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June 5, 2013

Hamilton House faces more preservation work

Dalton’s oldest brick house is showing its age.

“This old mortar isn’t solid like modern mortar,” said Bruce Davies, chairman of the Whitfield-Murray Historical Society’s Hamilton House Committee. “You can see there where it has just washed away between the bricks. And the bricks are crumbling in places. They aren’t as strong as modern bricks.”

The Hamilton House was built in 1840 by John Hamilton, a civil engineer who came to Dalton to assist with the construction of the Western & Atlantic Railroad.

The problems center on the rear wall of the house. The house had to be closed to the public for three years after society officials discovered that wall was bowing out. Eventually, the City Council kicked in $186,000 of its federal community development block grant funds to help the historical society install a porch on the wall that acts as an external brace. The house reopened in 2010.

Davies, a descendent of Hamilton, said the current masonry problems aren’t a danger to the public. But he says society officials want to address them within the next 12 months.

“That wall might hold up for years, but we know there’s a problem. So we don’t need to wait,” he said.

Davies said the problem seems to be that water wicking up from the ground has washed out the mortar.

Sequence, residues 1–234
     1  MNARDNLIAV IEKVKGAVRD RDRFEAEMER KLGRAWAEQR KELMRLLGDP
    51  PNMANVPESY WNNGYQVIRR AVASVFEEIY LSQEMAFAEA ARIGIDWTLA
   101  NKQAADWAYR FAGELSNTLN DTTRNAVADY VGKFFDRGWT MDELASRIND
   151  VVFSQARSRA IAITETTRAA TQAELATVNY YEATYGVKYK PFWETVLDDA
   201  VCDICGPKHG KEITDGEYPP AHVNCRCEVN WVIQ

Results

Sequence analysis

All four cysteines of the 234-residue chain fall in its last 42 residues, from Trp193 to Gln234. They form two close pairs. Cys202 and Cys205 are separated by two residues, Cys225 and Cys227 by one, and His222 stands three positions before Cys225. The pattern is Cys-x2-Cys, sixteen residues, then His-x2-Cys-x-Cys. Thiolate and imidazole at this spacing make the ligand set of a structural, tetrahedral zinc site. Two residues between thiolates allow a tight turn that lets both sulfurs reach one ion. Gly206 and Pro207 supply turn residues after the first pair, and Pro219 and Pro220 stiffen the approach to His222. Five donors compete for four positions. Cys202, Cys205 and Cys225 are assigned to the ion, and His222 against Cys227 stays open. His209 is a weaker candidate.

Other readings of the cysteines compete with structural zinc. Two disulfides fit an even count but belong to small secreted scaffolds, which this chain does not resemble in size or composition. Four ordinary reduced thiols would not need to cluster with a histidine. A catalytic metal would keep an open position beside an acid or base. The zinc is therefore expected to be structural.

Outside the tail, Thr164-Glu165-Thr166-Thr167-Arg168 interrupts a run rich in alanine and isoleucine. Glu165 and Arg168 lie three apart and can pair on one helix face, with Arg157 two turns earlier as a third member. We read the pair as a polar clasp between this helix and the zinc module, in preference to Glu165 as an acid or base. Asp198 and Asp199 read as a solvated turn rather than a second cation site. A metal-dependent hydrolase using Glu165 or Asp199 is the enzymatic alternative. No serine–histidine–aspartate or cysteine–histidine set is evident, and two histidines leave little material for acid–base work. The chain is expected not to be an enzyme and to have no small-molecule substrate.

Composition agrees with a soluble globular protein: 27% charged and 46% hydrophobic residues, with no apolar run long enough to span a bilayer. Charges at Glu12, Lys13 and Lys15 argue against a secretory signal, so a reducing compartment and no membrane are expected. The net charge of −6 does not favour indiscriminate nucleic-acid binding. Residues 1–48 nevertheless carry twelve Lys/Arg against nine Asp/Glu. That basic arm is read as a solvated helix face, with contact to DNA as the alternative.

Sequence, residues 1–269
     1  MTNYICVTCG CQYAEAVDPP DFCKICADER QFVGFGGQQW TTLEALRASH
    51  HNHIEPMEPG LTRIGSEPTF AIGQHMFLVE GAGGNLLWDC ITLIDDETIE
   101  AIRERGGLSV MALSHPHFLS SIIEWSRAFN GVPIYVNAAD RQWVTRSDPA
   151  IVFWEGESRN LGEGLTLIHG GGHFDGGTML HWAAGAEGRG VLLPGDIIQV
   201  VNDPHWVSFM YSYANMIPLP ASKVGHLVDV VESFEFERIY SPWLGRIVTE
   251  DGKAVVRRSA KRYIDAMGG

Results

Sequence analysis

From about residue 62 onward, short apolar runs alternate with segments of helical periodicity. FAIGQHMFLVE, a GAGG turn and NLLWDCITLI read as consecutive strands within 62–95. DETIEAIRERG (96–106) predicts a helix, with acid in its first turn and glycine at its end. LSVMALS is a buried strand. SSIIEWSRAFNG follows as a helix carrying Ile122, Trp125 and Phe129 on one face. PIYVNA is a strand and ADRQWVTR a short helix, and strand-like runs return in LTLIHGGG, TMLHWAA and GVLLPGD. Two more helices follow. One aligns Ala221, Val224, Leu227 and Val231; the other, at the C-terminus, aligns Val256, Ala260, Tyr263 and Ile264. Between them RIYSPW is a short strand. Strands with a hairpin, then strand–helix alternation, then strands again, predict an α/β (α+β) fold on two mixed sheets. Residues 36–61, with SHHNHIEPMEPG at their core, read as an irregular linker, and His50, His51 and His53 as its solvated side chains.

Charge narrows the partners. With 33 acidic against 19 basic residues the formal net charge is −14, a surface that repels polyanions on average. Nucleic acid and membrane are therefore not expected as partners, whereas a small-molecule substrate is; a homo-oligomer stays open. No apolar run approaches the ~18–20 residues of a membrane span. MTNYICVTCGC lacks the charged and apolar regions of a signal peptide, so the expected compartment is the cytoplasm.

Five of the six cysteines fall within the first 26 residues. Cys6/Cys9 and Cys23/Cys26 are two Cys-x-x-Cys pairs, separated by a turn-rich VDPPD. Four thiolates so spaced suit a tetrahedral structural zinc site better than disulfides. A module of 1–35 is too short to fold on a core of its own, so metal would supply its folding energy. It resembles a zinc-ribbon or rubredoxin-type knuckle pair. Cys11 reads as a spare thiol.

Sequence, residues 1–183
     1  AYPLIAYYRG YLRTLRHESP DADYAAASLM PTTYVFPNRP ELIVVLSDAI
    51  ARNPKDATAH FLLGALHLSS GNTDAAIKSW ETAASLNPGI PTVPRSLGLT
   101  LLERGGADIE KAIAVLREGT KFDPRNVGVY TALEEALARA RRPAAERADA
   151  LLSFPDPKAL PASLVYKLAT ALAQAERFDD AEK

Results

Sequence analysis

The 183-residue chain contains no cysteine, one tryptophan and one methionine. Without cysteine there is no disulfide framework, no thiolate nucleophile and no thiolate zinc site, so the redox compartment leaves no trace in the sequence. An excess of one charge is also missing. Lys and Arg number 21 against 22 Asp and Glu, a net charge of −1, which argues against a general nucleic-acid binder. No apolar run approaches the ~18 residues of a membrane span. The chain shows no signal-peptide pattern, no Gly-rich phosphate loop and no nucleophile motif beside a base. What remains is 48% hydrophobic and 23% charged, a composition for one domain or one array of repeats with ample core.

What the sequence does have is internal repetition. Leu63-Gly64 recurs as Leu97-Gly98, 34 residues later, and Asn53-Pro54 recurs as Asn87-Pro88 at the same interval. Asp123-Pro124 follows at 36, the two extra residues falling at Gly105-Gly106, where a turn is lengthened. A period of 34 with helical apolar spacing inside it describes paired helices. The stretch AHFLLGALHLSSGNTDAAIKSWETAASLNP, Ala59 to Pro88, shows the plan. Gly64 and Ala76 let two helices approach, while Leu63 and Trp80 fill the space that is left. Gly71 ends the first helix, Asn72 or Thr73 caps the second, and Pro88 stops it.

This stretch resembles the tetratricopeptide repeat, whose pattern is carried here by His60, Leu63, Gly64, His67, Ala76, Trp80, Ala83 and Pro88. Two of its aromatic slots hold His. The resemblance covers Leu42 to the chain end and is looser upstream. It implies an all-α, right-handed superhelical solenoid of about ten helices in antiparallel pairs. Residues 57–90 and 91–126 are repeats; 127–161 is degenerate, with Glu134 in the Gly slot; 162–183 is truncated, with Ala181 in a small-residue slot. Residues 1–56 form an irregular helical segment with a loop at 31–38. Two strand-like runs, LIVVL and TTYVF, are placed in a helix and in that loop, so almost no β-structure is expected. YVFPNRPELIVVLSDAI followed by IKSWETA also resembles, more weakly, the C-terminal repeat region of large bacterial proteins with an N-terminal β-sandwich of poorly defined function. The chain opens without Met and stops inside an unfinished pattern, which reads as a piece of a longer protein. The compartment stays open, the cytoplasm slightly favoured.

Davies said historical society officials have been talking to architects and masons and have decided that constructing an interior wall to take the weight of the house off the rear wall would be the best solution. He said they don’t yet have an estimate for how much that would cost. But he said they will be looking for grants to help fund the work.

The house has played a central role in Dalton history. During the Civil War, the house was used as a hospital by both the Confederate and Union armies. Confederate Gen. Joseph H. Lewis used the property as the headquarters for his Orphan Brigade during the winter of 1863.

The family sold the property to the stockholders of the nearby Crown Cotton Mill in 1884, and the house served as the home of the mill’s superintendent for the next century. In 1984, the house was converted into the corporate offices of Crown America, and in 1997, the historical society purchased it.

The house now contains several collections owned by the historical society, including memorabilia from Dalton poet Robert Loveman, Civil War artifacts and material from Dalton’s chenille industry.

 

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